Fran and Steve are finding imaginative ways to turn four acres of inherited, inhospitable land in Tasmania into a thriving garden of prosperity. Serendipity Farm is a work of love, community, and can-do spirit we can all learn from. Be sure to read the detailed photo captions; they’re full of fabulous eco / green tips!
Hi, my name is Fran, or ‘narf7,’ as I like to be known in my online excursions into understanding me and the world in which I live.
I Love Being a Penniless Hippie!
I just turned 50 and find myself echoing my parents:
”today’s music has NO soul…”
But when you had the 60’s and 70’s as your musical canvas, I think you’re entitled to a bit of musical snobbery. I’m going to wrestle out my story from the canyons of my memory. I might just have to listen to a bit of Bowie, Pink Floyd, Rolling Stones and Led Zeppelin to spur me on…
This is the story of how I realized that being a penniless hippy is the best thing in the world!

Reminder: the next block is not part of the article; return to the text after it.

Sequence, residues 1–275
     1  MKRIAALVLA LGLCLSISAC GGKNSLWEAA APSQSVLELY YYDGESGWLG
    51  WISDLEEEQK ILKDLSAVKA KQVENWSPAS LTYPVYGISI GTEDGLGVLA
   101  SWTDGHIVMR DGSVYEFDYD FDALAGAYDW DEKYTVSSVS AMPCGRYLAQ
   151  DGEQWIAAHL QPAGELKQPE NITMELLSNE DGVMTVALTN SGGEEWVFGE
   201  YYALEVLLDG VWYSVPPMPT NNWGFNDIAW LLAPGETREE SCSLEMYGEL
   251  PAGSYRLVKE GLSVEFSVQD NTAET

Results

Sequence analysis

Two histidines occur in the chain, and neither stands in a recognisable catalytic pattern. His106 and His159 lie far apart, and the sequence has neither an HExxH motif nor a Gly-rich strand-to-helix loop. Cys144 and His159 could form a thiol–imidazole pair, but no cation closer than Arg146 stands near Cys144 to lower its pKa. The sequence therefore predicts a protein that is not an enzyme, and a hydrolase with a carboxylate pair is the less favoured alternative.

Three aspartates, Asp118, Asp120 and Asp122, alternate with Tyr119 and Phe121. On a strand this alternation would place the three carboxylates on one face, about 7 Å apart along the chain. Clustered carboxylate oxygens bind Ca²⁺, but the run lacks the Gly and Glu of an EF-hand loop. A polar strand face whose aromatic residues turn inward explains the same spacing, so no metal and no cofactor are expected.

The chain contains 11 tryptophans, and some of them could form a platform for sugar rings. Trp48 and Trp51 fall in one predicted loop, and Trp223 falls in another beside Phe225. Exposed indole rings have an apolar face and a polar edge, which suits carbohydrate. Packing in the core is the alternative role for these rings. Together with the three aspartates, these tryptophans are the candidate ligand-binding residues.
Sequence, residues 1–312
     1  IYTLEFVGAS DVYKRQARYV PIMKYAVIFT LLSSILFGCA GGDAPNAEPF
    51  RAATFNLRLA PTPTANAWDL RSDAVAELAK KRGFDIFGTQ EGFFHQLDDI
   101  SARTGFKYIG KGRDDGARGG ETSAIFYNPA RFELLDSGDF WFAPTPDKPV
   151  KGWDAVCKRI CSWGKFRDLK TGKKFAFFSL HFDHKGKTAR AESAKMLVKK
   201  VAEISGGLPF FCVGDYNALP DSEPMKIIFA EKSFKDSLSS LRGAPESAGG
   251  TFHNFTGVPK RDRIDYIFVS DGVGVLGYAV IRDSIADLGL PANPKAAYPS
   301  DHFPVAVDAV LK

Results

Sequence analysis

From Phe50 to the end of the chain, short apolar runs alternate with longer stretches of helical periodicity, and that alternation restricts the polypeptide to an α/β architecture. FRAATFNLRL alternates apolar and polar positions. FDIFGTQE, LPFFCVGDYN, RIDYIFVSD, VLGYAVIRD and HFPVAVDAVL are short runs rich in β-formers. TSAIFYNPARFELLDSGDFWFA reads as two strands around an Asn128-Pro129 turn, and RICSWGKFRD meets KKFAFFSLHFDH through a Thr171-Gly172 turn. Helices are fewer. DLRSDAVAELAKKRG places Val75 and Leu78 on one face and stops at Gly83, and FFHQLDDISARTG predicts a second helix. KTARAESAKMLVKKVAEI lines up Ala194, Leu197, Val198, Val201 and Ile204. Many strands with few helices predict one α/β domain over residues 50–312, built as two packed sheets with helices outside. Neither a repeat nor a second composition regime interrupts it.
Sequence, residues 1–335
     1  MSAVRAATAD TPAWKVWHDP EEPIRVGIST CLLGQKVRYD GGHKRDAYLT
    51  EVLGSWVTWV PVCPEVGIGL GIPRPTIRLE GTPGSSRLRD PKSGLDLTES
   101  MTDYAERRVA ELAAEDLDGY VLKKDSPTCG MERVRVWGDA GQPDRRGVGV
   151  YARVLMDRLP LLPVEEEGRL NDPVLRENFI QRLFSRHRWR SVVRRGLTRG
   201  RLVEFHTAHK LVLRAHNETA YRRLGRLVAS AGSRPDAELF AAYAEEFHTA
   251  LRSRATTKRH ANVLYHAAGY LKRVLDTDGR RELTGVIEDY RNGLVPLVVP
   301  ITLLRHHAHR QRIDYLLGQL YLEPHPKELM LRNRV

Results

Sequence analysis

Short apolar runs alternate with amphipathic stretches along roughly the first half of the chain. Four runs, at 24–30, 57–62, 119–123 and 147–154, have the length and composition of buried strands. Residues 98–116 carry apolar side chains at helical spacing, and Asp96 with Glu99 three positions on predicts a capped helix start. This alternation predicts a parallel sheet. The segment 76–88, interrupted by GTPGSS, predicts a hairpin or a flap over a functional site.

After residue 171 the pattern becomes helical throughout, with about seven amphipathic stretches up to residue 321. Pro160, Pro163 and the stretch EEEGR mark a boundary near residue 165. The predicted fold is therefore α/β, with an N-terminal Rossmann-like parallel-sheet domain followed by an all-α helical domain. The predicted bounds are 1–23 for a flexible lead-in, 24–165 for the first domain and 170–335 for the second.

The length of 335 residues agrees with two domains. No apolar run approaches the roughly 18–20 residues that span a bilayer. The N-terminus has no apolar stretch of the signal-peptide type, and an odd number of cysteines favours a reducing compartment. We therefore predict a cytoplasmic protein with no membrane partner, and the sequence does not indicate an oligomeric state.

My Life has Never Been ‘Normal’
I’ve never had what you would call a “normal” life. My parents were working class battlers and we never had the benefit of a cushion of money or savings to keep the wolves at bay.
I can’t remember a lot about my childhood, which is probably good because by all accounts it wasn’t the most memorable of childhoods. But when I turned five, my parents moved to the family 100 acre farm to care for it (and live rent free).
Far be it from uniting them and giving them a common ethos! Instead, it heralded the end of their tenuous and unlikely union.
For the five years it took for my parents’ marriage to hit the rocks and sink, I was given the amazing chance to wander barefoot over 100 acres of land full of trees, plants, cows, aromas, dams and pastures.
As the property bordered onto an estuary that ebbed and flowed to the sea, I got the most amazing series of life lessons in my early formative years.
Life on 100 Acres